To determine the human information requirements of a decision analysis strategy, the systems analyst must first determine the users’ objectives, along with the organization’s objectives, using either a top-down approach or an object-oriented approach. The systems analyst must understand the principles of organizations and have a working knowledge of data-gathering techniques. The top-down approach is critical because all human decisions in the organization should be related, at least indirectly, to the broad objectives of the entire organization.
Process specifications—sometimes called minispecs, because they are a small portion of the total project specifications—are created for primitive processes on a data flow diagram as well as for some higher-level processes that explode to a child diagram. They also may be created for class methods in object-oriented design, and, in a more general sense, for the steps in a use case (as discussed in Chapters “Understanding and Modeling Organizational Systems” and 10). These specifications explain the decision-making logic and formulas that will transform process input data into output. Each derived element must have process logic to show how it is produced from the base elements or other previously created derived elements that are input to the primitive process.
The three goals of producing process specifications are as follows:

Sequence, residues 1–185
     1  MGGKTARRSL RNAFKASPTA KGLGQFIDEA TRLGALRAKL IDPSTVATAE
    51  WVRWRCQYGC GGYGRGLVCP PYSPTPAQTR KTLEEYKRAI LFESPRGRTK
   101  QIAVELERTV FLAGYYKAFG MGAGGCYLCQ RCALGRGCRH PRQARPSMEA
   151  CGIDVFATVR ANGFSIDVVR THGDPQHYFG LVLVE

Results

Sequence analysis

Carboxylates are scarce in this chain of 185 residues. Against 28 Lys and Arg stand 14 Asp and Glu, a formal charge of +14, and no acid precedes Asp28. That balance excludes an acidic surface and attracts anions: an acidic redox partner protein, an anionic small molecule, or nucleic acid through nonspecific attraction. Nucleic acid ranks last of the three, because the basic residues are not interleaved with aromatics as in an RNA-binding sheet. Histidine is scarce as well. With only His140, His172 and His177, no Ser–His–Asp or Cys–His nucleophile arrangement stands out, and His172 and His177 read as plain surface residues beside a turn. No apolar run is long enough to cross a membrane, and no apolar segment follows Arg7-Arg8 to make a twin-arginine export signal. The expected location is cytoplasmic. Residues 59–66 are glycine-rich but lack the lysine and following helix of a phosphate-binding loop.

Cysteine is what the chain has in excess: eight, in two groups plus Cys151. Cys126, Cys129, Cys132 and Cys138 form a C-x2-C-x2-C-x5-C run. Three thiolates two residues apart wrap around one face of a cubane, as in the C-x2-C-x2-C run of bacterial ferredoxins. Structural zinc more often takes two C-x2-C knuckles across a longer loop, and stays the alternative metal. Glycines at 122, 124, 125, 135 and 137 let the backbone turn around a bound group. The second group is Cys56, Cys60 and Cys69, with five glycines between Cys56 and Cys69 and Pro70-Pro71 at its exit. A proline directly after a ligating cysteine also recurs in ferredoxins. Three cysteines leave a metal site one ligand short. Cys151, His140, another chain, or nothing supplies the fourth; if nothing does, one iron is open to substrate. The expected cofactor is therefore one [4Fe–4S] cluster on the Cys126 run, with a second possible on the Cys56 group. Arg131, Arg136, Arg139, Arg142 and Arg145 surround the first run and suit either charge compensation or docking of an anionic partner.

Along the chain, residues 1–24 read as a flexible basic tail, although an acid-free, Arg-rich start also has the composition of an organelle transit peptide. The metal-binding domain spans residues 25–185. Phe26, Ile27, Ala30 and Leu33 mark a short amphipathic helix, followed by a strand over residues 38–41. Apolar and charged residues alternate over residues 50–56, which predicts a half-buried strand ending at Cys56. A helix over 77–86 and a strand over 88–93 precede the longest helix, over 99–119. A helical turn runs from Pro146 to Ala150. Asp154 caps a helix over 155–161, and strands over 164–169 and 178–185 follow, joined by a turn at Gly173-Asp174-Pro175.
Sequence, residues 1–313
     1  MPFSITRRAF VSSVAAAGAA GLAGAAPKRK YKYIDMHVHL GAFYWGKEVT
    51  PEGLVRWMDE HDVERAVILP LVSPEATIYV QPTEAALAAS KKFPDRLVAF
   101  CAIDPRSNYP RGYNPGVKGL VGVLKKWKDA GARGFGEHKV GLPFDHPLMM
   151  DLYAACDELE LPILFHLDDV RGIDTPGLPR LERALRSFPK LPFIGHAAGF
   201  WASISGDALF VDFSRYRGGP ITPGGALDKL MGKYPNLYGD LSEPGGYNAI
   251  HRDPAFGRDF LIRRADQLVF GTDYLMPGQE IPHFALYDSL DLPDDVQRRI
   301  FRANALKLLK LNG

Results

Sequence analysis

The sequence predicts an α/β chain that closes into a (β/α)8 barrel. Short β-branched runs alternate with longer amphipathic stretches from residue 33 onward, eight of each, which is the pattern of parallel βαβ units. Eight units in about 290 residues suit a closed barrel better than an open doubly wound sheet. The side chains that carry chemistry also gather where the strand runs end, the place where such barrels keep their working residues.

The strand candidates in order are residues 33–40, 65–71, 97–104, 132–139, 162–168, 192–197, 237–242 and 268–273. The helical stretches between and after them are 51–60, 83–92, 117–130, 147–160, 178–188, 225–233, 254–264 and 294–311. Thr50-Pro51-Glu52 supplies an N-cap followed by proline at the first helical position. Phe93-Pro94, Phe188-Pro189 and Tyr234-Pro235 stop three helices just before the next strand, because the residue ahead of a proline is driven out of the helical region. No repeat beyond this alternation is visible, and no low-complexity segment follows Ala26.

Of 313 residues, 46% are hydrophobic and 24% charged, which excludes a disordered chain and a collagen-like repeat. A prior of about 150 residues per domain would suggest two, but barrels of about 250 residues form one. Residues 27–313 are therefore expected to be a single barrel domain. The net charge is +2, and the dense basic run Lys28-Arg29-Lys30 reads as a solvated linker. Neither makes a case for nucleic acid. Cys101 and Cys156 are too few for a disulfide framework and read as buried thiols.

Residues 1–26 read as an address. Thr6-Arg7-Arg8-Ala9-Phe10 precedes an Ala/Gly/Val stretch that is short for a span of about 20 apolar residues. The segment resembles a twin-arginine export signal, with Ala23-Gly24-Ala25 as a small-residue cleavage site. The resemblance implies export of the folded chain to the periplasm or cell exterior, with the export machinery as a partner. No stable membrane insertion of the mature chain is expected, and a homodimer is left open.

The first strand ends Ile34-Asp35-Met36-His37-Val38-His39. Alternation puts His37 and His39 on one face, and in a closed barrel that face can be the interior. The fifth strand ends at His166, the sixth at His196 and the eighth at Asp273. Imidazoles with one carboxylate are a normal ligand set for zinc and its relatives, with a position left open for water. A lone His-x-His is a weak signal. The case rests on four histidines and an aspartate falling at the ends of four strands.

- To reduce the ambiguity of the process. This goal compels the analyst to learn details about how the process works. Any vague areas should be noted, written down, and consolidated for all process specifications. These observations form a basis and provide the questions for follow-up interviews with the user community.
- To obtain a precise description of what is accomplished, which is usually included in a packet of specifications for the programmer.
- To validate the system design. This goal includes ensuring that a process has all the input data flow necessary for producing the output. In addition, all input and output must be represented on the data flow diagram.
You will find many situations in which process specifications are not created. Sometimes the process is very simple or the computer code already exists. This eventuality would be noted in the process description, and no further design would be required. Categories of processes that generally do not require specifications are as follows:
- Processes that represent physical input or output, such as read and write. These processes usually require only simple logic.
- Processes that represent simple data validation, which is usually fairly easy to accomplish. The edit criteria are included in the data dictionary and incorporated into the computer source code. Process specifications may be produced for complex editing.
- Processes that use prewritten code. These processes are generally included in a system as procedures, methods, and functions or in class libraries (that are either purchased or available free on the Web).
These blocks are computer program code that is stored on the computer system. They usually perform a general system function, such as validating a date or a check digit. These general purpose subprograms are written and documented only once but form a series of building blocks that may be used in many systems throughout the organization. Thus, these subprograms appear as processes on many data flow diagrams (or as class methods discussed in Chapter 10).